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Thursday, 15 June 2017 21:52

“Talking To The Moon”: The incredible escape of Elena and Meg

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talking to the moon


Imagine that you live in Russia and that you are not free to be yourself. Imagine that you met on the internet a beautiful Canadian named Meg. You are planning to meet for real in Ukraine hoping this love story will work.

You secretly plan your escape from Russia without knowing you will need the courage to escape from your family, then from the police, and that you will have to cross the Pacific Ocean by boat to reach Canada to live this love.

This story is not a fiction, it is Elena’s story she tells in the book “Talking to the Moon”.

It’s an incredible, unimaginable and extraordinary lesbian love story.


Elena is a young Russian woman who quickly realized that she was a lesbian. Faced with pressure from her family, she had to date men waiting to escape.

“I never wanted to be with a man; I knew that from the very beginning,” Elena told Prospekt. “And, of course, I didn’t want to get married, but the problem was that my family and pretty much everyone around me was forcing me to date men and eventually set me up with one of them.”

On the internet, Elena meets a lesbian Canadian woman, Meg, and after six months of online communication, they meet in Kiev, Ukraine.

What Meg ignores then is that Elena has planned to flee Russia.

“Meg can do everything, she is a musician, she plays the piano, flies planes, sails boats. […] To me she was this incredible woman, she simply stunned me with what she could do, and, of course, I pretty much instantly fell in love with her,” Elena explained.

“She didn’t know that I was going to leave forever,” she added. “She thought we were going to Kiev to find out whether we truly loved each other, and that if we did, I could eventually immigrate to Canada if I wanted to. We had no idea that we had to literally run to Canada from Russia.”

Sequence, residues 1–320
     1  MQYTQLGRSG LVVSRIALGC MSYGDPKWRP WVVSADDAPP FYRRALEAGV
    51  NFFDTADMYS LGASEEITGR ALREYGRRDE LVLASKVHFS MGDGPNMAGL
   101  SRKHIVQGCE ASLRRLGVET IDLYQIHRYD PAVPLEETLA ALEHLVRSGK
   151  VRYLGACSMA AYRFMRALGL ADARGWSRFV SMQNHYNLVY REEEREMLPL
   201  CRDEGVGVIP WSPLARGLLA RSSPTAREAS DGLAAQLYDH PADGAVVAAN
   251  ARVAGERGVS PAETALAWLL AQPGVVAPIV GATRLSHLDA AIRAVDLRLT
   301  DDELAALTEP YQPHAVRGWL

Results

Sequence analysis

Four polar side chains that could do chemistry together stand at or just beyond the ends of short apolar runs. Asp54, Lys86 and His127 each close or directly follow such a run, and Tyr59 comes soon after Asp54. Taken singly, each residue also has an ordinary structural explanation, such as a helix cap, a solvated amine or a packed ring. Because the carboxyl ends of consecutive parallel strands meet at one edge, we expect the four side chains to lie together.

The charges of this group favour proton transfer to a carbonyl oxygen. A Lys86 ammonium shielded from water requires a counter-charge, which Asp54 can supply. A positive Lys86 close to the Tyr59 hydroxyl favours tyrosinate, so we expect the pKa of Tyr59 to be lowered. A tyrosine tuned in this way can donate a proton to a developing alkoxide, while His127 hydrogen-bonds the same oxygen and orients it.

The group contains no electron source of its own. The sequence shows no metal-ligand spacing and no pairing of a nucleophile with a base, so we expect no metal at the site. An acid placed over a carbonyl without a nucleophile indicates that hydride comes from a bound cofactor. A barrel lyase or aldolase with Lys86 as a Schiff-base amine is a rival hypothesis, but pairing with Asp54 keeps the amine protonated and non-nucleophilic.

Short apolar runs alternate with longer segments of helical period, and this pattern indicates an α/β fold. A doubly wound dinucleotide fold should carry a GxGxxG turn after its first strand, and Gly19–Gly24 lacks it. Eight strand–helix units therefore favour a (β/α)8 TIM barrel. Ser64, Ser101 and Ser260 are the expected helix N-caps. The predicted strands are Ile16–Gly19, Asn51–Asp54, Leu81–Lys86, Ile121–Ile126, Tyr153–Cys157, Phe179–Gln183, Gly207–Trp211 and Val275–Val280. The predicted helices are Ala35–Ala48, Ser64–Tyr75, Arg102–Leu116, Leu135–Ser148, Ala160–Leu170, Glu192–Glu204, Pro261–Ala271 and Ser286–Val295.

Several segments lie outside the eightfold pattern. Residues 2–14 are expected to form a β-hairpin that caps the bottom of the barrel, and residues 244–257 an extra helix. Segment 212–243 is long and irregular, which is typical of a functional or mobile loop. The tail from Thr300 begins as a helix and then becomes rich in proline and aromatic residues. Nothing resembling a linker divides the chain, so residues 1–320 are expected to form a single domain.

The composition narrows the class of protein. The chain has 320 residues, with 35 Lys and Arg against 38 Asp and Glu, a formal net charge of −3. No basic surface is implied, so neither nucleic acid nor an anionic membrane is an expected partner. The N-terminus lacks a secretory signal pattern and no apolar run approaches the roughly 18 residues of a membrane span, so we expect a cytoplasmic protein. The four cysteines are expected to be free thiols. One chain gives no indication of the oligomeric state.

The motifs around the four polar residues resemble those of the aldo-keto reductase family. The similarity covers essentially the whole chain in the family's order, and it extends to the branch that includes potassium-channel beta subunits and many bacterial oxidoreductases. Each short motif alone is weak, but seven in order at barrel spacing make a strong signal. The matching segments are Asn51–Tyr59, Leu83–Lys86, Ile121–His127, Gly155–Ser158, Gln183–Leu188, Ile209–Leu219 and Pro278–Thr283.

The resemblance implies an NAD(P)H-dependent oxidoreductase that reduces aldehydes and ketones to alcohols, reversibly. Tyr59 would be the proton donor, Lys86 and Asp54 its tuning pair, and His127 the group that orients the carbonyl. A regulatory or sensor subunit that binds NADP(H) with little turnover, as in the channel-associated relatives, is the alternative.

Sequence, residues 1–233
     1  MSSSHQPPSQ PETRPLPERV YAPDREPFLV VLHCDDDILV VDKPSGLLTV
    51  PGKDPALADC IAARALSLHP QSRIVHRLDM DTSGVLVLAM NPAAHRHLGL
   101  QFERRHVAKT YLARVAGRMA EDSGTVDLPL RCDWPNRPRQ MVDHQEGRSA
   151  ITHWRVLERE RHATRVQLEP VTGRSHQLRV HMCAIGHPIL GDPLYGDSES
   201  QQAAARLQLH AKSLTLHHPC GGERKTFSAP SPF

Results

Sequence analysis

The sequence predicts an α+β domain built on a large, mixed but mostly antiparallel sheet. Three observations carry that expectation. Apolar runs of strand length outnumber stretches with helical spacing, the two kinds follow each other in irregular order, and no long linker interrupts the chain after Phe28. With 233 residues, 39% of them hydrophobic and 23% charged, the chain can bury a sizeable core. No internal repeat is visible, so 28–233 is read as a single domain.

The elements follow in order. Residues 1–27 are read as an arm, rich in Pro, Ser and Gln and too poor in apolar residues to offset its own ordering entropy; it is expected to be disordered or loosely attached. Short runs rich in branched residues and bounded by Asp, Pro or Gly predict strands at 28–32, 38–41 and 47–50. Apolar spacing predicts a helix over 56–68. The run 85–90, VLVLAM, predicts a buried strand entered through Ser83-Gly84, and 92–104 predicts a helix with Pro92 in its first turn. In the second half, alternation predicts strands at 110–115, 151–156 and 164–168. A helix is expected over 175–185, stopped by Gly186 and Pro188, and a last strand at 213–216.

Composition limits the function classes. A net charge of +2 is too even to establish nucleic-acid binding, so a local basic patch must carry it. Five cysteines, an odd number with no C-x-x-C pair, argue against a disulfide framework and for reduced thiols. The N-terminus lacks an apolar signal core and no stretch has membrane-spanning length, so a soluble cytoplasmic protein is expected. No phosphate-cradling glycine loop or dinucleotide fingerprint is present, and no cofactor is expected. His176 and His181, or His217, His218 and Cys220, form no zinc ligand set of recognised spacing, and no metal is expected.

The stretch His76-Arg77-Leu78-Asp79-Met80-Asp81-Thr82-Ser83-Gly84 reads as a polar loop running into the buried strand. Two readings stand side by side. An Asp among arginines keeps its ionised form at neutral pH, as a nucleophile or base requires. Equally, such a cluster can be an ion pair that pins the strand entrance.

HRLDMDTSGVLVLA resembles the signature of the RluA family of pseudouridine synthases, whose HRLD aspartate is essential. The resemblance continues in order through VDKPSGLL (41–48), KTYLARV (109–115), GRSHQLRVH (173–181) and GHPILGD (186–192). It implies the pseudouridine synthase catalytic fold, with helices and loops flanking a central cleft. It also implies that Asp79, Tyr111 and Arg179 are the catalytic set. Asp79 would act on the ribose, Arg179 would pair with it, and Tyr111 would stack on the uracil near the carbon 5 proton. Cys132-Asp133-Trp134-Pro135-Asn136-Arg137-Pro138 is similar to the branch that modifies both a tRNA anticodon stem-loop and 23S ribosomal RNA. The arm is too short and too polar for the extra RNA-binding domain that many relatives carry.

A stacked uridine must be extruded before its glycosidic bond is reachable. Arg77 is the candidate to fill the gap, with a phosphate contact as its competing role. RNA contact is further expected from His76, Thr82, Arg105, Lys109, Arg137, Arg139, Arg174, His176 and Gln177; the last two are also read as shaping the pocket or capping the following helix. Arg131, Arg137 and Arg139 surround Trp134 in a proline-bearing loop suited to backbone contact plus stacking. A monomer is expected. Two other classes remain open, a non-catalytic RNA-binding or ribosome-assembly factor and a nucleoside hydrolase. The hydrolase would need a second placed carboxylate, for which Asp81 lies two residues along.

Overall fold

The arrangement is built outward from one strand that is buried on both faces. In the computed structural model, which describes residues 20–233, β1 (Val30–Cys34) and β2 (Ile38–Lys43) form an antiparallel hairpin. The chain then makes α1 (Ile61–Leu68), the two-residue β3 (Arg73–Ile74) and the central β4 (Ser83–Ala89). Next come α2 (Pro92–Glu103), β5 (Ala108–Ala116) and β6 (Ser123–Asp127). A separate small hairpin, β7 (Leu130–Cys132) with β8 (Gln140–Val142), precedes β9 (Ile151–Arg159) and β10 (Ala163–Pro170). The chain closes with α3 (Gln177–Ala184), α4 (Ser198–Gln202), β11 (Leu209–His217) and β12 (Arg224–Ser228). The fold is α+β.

After a few days together, Elena receives phone calls from her parents. She opens up about her relationship with a woman and explains she won’t return.

Elena’s mom wants to say goodbye and offer to meet at the Kiev train station. Elena accepts without knowing it is a trap.

Later at the station, her father suddenly appears and tries to convince her to go home, they fight, the police intervene and arrest them all.

Quickly released, Elena leaves with Meg while her parents return to Russia. But Elena realizes that her parents have stolen her passport and that she cannot go anywhere.

A few days later, one of her former colleagues in Russia will steal her passport.

Elena and Meg then cross the Turkish border where they will stay to buy a boat and take sailing lessons.

After two months in Turkey, they embark on the crossing of the Pacific Ocean to Canada.

After 10 months of a perilous journey, the two women arrive in Vancouver in April 2007.

“The North Pacific was the toughest part of our trip,” Elena told Prospekt. “Before that, I had never seen nature being that dismal and threatening. In the open ocean, hundreds of miles off the coast of North America, we found ourselves in the worst sea conditions that we had ever experienced. Many times we thought we wouldn’t make it, and once we had to run south for good, but eventually we got to the longitude where the wind wasn’t northwest anymore and then again headed to Vancouver Island — for Canada.”

Still together, Elena and Meg live aboard their boat.

Elena has shared all the details of this extraordinary adventure in a book entitled “Talking to the Moon” that will be available soon.

For more information on the book’s release or to discover excerpts, visit the following website:


Lezbelib is the online magazine that helps LGBTQ+ women to stay updated with entertaining blogs and breaking news about LGBT rights.